Given Alan Greenspan's famously circumspect rhetorical style, we may never know the inspiration behind the greatest central banker ever.
What is known, according to reputable sources, is that the legendary inflation fighter and monetary maestro studied the clarinet at Julliard, drafts his speeches in longhand, and does most of his work in the bathtub.
As for his speaking in cautious conundrums, NBC News correspondent Andrea Mitchell may know better than anyone. As recently reported by columnist George Will, Greenspan and Mitchell dated for nearly a decade before he popped the question. Apparently, he had to repeat his marriage proposal three times before she understood what he was getting at. The two were married in 1997.
In spite of his penchant for obfuscation, or perhaps because of it, Greenspan is credited by many as single–handedly keeping the U.S. economy running on an even keel through his masterful manipulation of interest rates.
He achieved this in the face of multiple crises: the stock market crash of 1987, the savings and loan debacle, the Asian economic collapse of 1997, the bursting of the dot'com bubble in 2000, and reverberations from the 2001 terrorist attacks.
MIT Sloan Associate Professor Kristin Forbes summed up Greenspan's legacy for the Boston Globe, “He'll be remembered for his flexibility and quick responses to shocks that could have spiraled into major financial crises.” Greenspan was named “Man of the Year” by Time magazine in 1998.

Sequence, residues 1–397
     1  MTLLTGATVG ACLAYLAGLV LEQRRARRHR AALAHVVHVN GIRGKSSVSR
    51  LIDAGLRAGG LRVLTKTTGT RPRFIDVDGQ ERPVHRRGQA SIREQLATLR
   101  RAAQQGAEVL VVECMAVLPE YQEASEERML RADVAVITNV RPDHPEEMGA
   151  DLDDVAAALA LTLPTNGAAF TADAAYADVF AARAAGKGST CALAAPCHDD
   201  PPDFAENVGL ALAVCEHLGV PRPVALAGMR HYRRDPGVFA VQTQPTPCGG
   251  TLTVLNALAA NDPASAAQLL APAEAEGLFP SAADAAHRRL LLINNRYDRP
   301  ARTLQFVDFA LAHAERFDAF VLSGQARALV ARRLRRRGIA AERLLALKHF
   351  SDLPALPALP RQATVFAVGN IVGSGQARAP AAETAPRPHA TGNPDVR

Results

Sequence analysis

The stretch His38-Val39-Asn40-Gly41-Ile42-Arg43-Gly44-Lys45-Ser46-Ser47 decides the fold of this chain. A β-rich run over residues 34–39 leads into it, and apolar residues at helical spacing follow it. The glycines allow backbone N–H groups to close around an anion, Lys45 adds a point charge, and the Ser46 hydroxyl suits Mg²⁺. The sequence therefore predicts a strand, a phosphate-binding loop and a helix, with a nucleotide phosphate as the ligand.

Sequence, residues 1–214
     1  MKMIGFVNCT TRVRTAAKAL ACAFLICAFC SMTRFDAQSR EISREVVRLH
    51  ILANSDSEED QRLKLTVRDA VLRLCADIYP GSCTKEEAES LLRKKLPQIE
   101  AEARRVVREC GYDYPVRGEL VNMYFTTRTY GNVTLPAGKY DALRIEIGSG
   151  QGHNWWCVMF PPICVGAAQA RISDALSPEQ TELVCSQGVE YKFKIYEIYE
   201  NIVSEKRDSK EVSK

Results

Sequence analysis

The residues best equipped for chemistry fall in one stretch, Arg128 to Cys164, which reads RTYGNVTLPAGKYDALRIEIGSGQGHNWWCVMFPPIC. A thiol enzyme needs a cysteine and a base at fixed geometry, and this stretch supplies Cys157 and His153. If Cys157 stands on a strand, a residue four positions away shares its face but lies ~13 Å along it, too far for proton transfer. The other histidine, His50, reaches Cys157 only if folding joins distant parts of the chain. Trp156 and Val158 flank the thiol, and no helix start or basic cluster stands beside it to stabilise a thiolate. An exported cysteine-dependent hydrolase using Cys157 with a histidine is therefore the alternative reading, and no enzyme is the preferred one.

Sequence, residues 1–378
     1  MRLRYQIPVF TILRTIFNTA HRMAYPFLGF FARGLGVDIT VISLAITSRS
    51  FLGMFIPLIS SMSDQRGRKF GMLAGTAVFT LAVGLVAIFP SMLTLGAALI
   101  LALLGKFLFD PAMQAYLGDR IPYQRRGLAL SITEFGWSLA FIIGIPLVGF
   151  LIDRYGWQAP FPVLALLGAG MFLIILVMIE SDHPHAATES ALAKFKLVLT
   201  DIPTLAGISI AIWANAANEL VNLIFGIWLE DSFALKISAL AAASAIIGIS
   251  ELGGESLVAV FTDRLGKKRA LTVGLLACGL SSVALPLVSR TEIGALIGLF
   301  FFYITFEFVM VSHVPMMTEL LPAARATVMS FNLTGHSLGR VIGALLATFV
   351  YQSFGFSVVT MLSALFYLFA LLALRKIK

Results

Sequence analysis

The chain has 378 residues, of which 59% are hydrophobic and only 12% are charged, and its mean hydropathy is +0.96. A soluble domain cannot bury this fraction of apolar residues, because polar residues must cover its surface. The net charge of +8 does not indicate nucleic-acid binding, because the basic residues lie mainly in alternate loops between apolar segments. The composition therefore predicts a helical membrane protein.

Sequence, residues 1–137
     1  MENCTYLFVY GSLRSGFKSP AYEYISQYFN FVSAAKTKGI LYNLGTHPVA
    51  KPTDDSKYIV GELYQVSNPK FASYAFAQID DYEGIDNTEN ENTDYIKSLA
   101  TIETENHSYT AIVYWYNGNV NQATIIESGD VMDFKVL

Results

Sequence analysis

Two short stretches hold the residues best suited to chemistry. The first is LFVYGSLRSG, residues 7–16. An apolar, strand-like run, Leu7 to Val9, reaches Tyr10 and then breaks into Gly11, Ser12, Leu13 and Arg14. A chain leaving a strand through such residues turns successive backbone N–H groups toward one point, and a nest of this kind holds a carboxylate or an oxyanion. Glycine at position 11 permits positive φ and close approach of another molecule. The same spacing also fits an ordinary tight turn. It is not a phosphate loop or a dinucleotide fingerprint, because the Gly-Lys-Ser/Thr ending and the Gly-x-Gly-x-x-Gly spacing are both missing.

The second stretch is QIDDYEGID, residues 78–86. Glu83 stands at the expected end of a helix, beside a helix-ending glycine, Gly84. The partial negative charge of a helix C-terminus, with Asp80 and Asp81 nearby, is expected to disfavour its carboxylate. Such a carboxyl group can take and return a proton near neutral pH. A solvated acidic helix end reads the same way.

There is widespread agreement that Greenspan was good in a crisis. But the retiring Fed chairman had his blind spots.
According to Jay Forrester, MIT Sloan Professor Emeritus, “Greenspan was great in creating his own reputation but he was blind to the way the Fed created the equity and housing price bubbles.”
Greenspan is also criticized for not speaking out more forcefully against the Bush tax cuts. Some economists believe it's the single biggest cause of the runaway federal deficit.
“The main blemish on the Greenspan record to which critics point is his failure during the debates about the Bush tax cuts to warn publicly (who knows what he said in private) about the adverse consequences of large structural budget deficits,” says MIT Sloan John C Head III Dean Richard Schmalensee. “It is not clear, however, that such warnings would have had any effect. After all, the Fed can only react to fiscal policy; it has no authority to shape it.”
Greenspan's impact on the economy will continue to be measured in almost mythic proportions. His successor Ben Bernanke may find that stepping into the light beyond Greenspan's shadow could be just as challenging as running the world's preeminent central bank.